That’s when it became clear. The gym was no long the safe space where I could work off my daily stresses; it was a place that summoned me each day after work, chose what I ate for dinner and whispered ‘one more set’ as my fatigued muscles pleaded to go home and rest.

Exercise is one of the best things you can do for your body, but for some, learning the limit can be hard. Our society is so heavily based on branding losing weight as a positive that it’s easy for the line between healthy and addicted to become distorted.

Identifying the traits of a health obsession is important. If you can relate to any other the points below, it may be worth visiting your GP for advice:

1. Feeling guilt, anxiety or depression if a workout is skipped or not completed.

2. Working through injury or not giving your body significant time to rest between exercising.

3. Restricting your calorie intake to an unhealthy level, meticulously tracking macros or using exercise to counteract food intake.

4. Using exercise as a primary way to cope with negative emotions, events or experiences.

5. Skipping leisure activities to work out.

6. Receiving comments from others about your dietary habits or the amount of time spent in the gym.


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Vegetarian Bowl

Lifestyle Changes to Make if you Want to Get Rich in 2020

If you’re looking to build more wealth in 2020, money won’t simply appear — you’re probably going to have to make some changes to reach your goals.

Here are five lifestyle changes that have helped self-made millionaires get to where they are today. If they worked for them, they could also work for you.

The richest people focus on earning, and they typically aren’t content with one source of revenue.

As author Thomas C. Corley found in his multi-year study of self-made millionaires, the rich “do not rely on one singular source of income,” he writes in “Change Your Habits, Change Your Life.” In fact, “65% had at least three streams of income that they created prior to making their first million dollars,” Corley says, such as real-estate rentals, a side hustle or a part-time job.

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Colorful Toothbrushes

Don’t Use Your Friend’s Toothbrush: How to be a House-guest Without Blowing Up The Friendship

True friendship is a folded-down couch and spare key. But even in the most relaxed household, there are invisible tripwires

Maybe you spent the break in your childhood home but somewhere in the last few decades your parents turned your bedroom into a sewing room and now you sleep on a fold-out couch that has a weird metal bar in the middle of it that sticks into your back. In the middle of the night you woke up, momentarily freaking out at the bolts of fabric looming over you that appeared, at first glance, to be a group of tall, thin men.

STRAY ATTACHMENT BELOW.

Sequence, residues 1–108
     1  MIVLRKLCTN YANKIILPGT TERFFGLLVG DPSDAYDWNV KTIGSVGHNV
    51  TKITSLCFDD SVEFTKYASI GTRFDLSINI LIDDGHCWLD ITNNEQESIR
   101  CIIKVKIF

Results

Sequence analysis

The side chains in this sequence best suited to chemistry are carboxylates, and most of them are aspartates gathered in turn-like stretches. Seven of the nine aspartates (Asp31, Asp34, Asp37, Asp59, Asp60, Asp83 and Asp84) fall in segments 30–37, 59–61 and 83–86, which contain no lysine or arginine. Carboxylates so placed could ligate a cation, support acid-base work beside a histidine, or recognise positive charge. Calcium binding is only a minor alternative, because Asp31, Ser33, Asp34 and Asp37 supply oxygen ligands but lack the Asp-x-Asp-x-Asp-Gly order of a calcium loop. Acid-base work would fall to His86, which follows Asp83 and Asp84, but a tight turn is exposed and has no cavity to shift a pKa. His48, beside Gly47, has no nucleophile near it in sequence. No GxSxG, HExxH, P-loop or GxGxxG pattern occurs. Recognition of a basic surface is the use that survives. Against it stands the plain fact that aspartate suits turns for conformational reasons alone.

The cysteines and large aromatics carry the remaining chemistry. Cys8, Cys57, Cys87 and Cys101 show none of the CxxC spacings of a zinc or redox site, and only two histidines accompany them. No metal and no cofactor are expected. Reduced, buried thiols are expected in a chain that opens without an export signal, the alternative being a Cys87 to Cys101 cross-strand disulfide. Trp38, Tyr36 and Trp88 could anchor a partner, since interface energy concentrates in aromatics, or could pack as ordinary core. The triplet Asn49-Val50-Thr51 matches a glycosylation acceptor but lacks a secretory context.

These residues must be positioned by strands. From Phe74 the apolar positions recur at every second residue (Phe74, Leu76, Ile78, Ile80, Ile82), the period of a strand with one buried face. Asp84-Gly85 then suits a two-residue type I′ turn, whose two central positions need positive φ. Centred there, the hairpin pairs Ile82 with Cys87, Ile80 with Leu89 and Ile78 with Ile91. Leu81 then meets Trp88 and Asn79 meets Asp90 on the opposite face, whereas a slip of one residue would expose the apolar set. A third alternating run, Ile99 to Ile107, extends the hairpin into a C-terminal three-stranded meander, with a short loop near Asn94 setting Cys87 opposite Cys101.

Maybe you were the one hosting guests and you reached for your favourite (expensive) shampoo only to realise it was ALL GONE because your guests helped themselves. Mystery hair has collected in your razor. Someone drank your special wine.

Or maybe you went away, entrusting your garden and your pet and all your things to a friend who loses her own wallet at least once a week. Your holiday then becomes a stressful refreshing of your phone to see her Instagram stories for pet and garden proof of life.

Or maybe you are the sort of family or individual who never has guests and who avoids being a guest, and for whom the hundreds of dollars spent on accommodation or an Airbnb nearby is the best money you’ll ever spend.

Because in each household where there is the promise of a spare room, even in the most relaxed household, there are invisible tripwires and rules that you’ll never guess, the chance of the slight but unexpressed thrum of tension when you drink from the wrong glass or even just the likelihood of a poor sleep on a fold-out couch.

Or maybe you are the sort for whom the offer and/or acceptance of a bed in a friend’s house is in itself a form not only of friendship, but a deepening of it.

That real friendship comes not after the nights at the bar and the barbecues and the shared activities – but this: folding down a couch or clearing out the spare room, stretching out a stiff, freshly washed and line-dried sheet, placing a cup of water on the bedside table and a spare key, and having the same done for you when you are a guest.

Yet the hospitable exchange can be fraught. It can be easier to muck up and offend when you are in someone’s house – get them the wrong gift or no gift at all, leave a mess, take things and liberties, get underfoot, outstay your welcome.

Then add kids to the mix and different styles of parenting and the tripwires multiply.

You are more likely to discover a friend’s hard limits when you stay in each other’s houses.

You find all this out when you arrive at the threshold with your overnight bag and the best of intentions.


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Lifestyle Brand

The Next Step to Becoming a Lifestyle Brand? Designing a Place To Live

Somewhere along the rise of social media, as documenting and sharing the highlight reel of our everyday lives became a part of the everyday, many fashion companies shifted gears and repositioned themselves as “lifestyle brands.” This goes beyond simply providing products for the 360º of a consumer’s life: In order to successfully establish themselves in the “lifestyle” space, their offerings must reflect the values, attitudes and interests of their desired demographic. The brands must create their own culture — one that a shopper will want to buy into.